From a chemical standpoint, saturated fats are simply fat molecules that have no double bonds between carbon molecules because they are saturated with hydrogen molecules. Saturated fats are typically solid at room temperature. Saturated fats occur naturally in many foods. The majority come mainly from animal sources, including meat and dairy products.

Dr. Amnon Beniaminovitz was quoted saying:

“Eating foods that contain saturated fats raise the level of cholesterol in your blood. High levels of LDL cholesterol in your blood increase your risk of heart disease and stroke.”

Trans Fats

There are two broad types of trans fats found in foods: naturally-occurring and artificial trans fats. Naturally-occurring trans fats are produced in the gut of some animals and foods made from these animals (e.g., milk and meat products) may contain small quantities of these fats. Artificial trans fats (or trans fatty acids) are created in an industrial process that adds hydrogen to liquid vegetable oils to make them more solid.

Dr. Amnon Beniaminovitz was quoted saying:

“Trans fats raise your bad (LDL) cholesterol levels and lower your good (HDL) cholesterol levels. Eating trans fats increases your risk of developing heart disease and stroke. It’s also associated with a higher risk of developing type 2 diabetes.”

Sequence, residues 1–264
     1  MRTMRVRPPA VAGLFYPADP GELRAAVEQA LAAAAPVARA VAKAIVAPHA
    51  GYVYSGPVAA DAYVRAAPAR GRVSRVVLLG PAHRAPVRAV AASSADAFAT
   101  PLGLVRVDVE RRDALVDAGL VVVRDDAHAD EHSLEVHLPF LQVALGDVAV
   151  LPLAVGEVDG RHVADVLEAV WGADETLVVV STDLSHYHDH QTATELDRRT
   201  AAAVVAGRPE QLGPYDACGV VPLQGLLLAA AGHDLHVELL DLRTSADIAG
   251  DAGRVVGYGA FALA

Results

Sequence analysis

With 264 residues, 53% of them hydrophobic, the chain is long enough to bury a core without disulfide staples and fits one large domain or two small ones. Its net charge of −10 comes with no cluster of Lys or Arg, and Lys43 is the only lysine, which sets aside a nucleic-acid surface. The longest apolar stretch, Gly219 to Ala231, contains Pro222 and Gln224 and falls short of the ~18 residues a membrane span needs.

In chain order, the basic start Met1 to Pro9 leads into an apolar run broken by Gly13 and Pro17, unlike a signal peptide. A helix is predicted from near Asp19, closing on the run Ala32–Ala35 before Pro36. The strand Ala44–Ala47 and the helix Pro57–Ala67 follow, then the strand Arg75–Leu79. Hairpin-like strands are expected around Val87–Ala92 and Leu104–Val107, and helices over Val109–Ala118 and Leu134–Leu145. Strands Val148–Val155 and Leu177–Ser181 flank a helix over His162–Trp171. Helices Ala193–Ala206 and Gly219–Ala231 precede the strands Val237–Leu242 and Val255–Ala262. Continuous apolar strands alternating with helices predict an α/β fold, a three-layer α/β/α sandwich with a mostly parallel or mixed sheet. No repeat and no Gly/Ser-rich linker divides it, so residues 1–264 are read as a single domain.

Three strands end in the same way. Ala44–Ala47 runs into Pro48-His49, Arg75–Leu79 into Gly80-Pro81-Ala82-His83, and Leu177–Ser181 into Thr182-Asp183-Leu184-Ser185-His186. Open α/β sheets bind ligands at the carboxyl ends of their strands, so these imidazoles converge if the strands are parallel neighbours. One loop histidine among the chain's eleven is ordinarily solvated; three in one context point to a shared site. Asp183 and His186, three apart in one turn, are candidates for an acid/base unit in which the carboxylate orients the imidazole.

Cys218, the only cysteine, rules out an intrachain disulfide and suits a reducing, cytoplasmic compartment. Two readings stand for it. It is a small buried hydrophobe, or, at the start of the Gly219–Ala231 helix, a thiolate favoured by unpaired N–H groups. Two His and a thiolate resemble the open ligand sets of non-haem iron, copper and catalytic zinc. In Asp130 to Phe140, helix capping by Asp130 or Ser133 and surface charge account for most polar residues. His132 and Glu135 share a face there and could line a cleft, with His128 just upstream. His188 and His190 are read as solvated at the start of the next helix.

High-Sodium Foods

Dr. Amnon Beniaminovitz was quoted saying:

“When there’s extra sodium in your bloodstream, it pulls water into your blood vessels, increasing the total amount (volume) of blood inside them. With more blood flowing through your blood vessels, blood pressure increases. It’s like turning up the water supply to a garden hose — the pressure in the hose increases as more water is blasted through it. Over time, high blood pressure may overstretch or injure the blood vessel walls and speed the build-up of gunky plaque that can block blood flow.”

The added pressure tires out the heart by forcing it to work harder to pump blood through the body. High blood pressure is known as the “silent killer” because its symptoms are not always obvious. It’s one of the major risk factors for heart disease, the No. 1 killer worldwide.

What heart-healthy foods should we eat more often?

Leafy Green Vegetables

Dr. Amnon Beniaminovitz was quoted saying:

“Leafy green vegetables like spinach, kale and collard greens are well-known for their wealth of vitamins, minerals and antioxidants. They’re also high in dietary nitrates, which have been shown to reduce blood pressure, decrease arterial stiffness and improve the function of cells lining the blood vessels.”

Nuts and Seeds

Walnuts, Almonds and seeds are a great source of fiber and micronutrients like magnesium, copper and manganese, are high in fiber and monounsaturated fats and omega-3 fatty acids. Seeds may improve several heart disease risk factors, including inflammation, blood pressure, cholesterol and triglycerides. Almonds have been linked to reductions in cholesterol and belly fat. Walnuts can help reduce cholesterol and blood pressure and may be associated with a lower risk of heart disease.

Whole Grains

Common types of whole grains include whole wheat, brown rice, oats, rye, barley, buckwheat and quinoa. Eating whole grains is associated with lower cholesterol and systolic blood pressure, as well as a lower risk in heart disease.